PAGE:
Saturday, 28 July 2012

Frocks of silk

We are slumberous poppies,
Lords of Lethe downs ...

Poppies for remembrance

 The poppy is the flower of sleep and oblivion. According to Greek legend it was created by the god of sleep, Somnus, to soothe Ceres, the corn goddess, to sleep. When she had rested the corn grew again, giving rise to the belief that poppies are essential for the welfare of the corn. 

Poppy seeds can lie dormant for years and are often stimulated to germinate once the soil is disturbed. Hence the subsequent blooming of poppies on the battlefields of Flanders and why they became the symbol of remembrance for those killed in war.

Frocks of silk

The poppies in the garden, they all wear frocks of silk,
Some are purple, some are pink, and others white as milk,
Light, light, for dancing in, for dancing when the breeze
Plays a little two-step for the blossoms  and the  bees.
Fine, fine for dancing in, all frilly at the hem,
Oh, when I watch the poppies dance I long to dance like them!

The poppies in the garden have let their silk frocks fall
All about the garden paths, but where are they at all?
Here a frill and there a flounce – a rag of silky red,
But not a poppy-girl is left – I think they’ve gone to bed.
Gone to bed and gone to sleep; and weary they must be
For each has left her box of dreams upon the stem for me.
                                                                                    Ffrida Wolfe

Sunday, 15 July 2012

An apple a day

but only after 15th July…

Today is St. Swithin’s Day, a day associated with the weather and the ripening of apples.  His remains were moved from their original resting place to Winchester Cathedral on 15th July in 971 AD. According  to legend, the saint so resented being moved that he began to weep, causing heavy rain to fall for the next 40 days.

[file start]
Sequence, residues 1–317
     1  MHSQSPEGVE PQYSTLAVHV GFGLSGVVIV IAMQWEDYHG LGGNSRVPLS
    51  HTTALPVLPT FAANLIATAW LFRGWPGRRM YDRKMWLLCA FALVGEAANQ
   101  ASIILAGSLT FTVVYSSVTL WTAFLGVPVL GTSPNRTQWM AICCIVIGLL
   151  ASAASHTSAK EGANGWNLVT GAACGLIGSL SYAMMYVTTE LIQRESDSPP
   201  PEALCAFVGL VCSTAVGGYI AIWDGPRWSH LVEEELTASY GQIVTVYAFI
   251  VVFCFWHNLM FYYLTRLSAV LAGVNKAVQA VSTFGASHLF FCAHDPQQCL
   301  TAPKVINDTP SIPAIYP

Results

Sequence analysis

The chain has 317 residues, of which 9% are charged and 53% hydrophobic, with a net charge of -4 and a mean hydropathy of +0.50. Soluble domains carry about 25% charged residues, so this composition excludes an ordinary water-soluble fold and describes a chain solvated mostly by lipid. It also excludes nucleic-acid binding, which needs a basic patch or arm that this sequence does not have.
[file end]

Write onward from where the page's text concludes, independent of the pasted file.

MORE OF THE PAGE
Hence, a shower of rain on St. Swithin’s Day was said to be the saint christening the apples and in some rural areas no one would eat an apple until after 15th July.

St. Swithin’s Day, if thou dost rain
For forty days it will remain.
St. Swithin’s Day, if thou be fair
For forty days, ‘twill rain no mair.

The good news is that it stayed fine here the whole day.
Hopefully summer is on the way at last.

Monday, 9 July 2012

Food for the soul

After yet more wind and rain, the garden begins to look battered and almost uncared for with foxgloves leaning perilously, in conflict with yellow loosestrife and deep pink valerian. Leavings from the dreaded geraniums have begun to creep back into the shade of the borders and the dancing fairies have begun their summer striptease.  

Aquilegia - dancing fairies

The replanted border is beginning to establish but, like Thursday’s child, has far to go before it makes real impact, but its colourful promise is inspiring. Meanwhile, many and various clematis twirl and twine about the periphery of the garden fence. 

The alliums stand like purple lollipops, making bullet-like points of reference amongst the euphorbia and knapweed.

Purple Sensation alliums

Bread feeds the body, indeed, but flowers feed the soul     The Koran


Wednesday, 4 July 2012

All the colours of the rainbow

The iris is a flower whose history extends far back in time.
The word is from the Greek, meaning rainbow, but their actual colour spectrum is even wider.

Purple bearded iris

It is possible that the lilies of the fields, which the bible asks us to consider, were in fact iris rather than lilies. The iris has been known for at least two thousand years and the flower has inspired artists and poets alike.  Much loved by Monet at Giverny, blue irises were a favourite subject for Van Gogh.

Mostly grown from rhizomes, irises are well adapted to the British climate and are mainly disease and pest free. The British Iris Society is celebrating its 90th birthday this year, proof positive of how much esteem the plant is held here.

White bearded iris

The plant is very adaptable and there are types that grow in conditions ranging from deep dry shade, even growing underneath trees (iris foetidissima) to full sun (the blowsy bearded variety). Where would spring be without the delicate iris reticulata  and early summer without my personal favourite, the  elegant iris sibirica,  grown in Elizabethan gardens and ponds without the yellow flag iris.

Iris sibirica

The Dog Days begin on 3rd July, and last until 11th August. 

Garden lore tells us that they are linked with the rising of the Dog Star, Sirius, and that these are the hottest days of the year!

Pablo is hoping this is true and keeps looking longingly at the summer house …

Enjoying the summer house ...